Saturday, March 7, 2009

Understanding Proteomics

Proteomics permits genome-wide expression profiling providing a vital information required to describe how a cell functions, and gives an insight into the development of diseases.

Out of the two methods of genome-wide analysis, proteomics, the examination of the complete set of proteins synthesized by a cell under a given set of physiological or developmental conditions, should be most informative when making functional assignments. This is mainly due to the fact that the proteome is context-dependent and unlike mRNAs, proteins are functional entities within the cell. The proteome is the proteins expressed by a genome.

Proteomics involve the analysis of a large number of proteins with a combination of two-dimensional gel electrophoresis and mass spectrometry. Today, it includes both the identification of a large number of proteins expressed by a genome as well as the characterization of their functional and structural relationships. It was thought that a single gene would result in the formation of a single protein or polypeptide. But there are different stages in the process of transcription and translation, where the same process can take place but produces a different protein. These processes can take place just after the process of transcription-the post-transcriptional process that can result in different types of mRNAs with the control of splicing mechanisms. The second point where the alteration can occur is after the process of translation or protein synthesis. This is the post-translational modification which can also produce structurally and functionally different proteins from the same gene.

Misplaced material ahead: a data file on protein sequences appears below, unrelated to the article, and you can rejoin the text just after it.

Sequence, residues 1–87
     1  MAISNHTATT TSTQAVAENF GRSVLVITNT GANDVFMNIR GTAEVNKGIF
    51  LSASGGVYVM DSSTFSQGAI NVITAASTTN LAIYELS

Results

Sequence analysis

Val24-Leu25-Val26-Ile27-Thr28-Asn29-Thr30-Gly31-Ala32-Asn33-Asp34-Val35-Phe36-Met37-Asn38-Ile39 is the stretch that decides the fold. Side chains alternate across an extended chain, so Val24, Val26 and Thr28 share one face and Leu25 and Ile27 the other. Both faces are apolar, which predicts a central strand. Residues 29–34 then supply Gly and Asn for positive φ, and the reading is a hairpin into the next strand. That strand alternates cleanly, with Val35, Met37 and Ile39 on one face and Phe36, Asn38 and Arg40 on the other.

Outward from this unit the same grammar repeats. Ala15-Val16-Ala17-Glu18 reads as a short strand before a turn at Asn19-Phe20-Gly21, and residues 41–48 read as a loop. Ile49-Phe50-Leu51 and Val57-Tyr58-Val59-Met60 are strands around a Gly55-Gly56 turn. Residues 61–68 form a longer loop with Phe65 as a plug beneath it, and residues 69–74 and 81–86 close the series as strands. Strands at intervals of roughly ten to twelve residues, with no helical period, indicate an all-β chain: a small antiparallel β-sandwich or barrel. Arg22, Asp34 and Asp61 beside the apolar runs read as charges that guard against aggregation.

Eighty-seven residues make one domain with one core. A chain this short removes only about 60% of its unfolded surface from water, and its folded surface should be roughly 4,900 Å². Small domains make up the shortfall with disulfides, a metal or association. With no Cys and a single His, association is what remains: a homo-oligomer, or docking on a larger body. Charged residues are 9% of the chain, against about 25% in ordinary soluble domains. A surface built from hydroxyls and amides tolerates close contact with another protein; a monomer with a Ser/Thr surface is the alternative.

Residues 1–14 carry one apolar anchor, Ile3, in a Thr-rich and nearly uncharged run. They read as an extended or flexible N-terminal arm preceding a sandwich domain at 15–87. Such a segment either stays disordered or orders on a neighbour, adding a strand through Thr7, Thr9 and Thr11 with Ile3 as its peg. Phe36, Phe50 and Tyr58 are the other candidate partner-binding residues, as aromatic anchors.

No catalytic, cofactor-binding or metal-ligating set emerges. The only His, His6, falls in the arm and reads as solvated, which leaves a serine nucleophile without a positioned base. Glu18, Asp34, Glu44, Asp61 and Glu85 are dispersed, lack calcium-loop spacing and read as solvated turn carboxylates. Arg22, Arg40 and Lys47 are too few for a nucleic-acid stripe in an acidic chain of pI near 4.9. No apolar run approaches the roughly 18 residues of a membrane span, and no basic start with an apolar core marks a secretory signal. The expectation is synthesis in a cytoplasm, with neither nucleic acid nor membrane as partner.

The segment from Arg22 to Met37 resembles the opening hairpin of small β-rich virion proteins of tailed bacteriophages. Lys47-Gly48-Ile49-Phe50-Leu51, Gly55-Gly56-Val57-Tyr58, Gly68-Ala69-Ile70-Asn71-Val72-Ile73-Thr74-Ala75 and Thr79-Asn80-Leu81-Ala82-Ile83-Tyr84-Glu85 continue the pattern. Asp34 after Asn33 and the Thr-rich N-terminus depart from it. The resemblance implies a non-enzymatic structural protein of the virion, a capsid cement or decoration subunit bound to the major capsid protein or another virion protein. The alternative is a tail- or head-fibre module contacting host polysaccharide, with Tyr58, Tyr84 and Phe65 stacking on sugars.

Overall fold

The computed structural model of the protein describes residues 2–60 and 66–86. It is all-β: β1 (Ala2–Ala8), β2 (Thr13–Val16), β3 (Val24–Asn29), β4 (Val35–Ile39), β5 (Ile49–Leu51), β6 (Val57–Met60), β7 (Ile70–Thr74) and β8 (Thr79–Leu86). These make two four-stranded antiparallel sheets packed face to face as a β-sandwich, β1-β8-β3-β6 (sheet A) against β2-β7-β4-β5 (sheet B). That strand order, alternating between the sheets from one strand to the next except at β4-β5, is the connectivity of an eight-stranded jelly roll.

Proteomics also deals with the use of qualitative and quantitative protein-level measurements to characterize biological processes (e.g., diseases). By comparing the protein profiles from normal cells and diseased or metabolically aberrant cells, the reason for the diseased condition can be ascertained. Therefore, diseases can be treated at the protein level or even at the gene level because the proteins are the drug targets.

The Key Technologies in Proteomics
1) Reproducible Two-dimensional Gel Technology
2) Staining and Scanning Technology
3) Mass Spectrometry for Identification
4) Databases (protein and genome)
5) Database Searching Algorithms

The crude protein extracted from the tissue sample or cells or from individuals is separated in gel by two-dimensional electrophoresis comprising of IEF and SDS-PAGE. The gel is suitably stained and compared with that of the standard two-dimensional gel profile of protein from the same organisms grown under normal conditions (or healthy individuals). If the formation of any new protein is observed that spot can be excised from the gel along with the gel matrix and washed with sterile distilled water. This protein spot along with the gel can be digested with trypsin and then introduced into the mass spectrometer and (the MS fingerprint can be taken). The MS fingerprint can be used for the identification of the protein by database search or can proceed further to carry out amino acid sequencing by mass spectrometer. Thus, the protein purification and identification become very easy and simple. But the key challenge in proteome research is the automation and integration of these technologies.

Tags: Bio Technology, Bio Genetics , Proteomics

Related Posts by Categories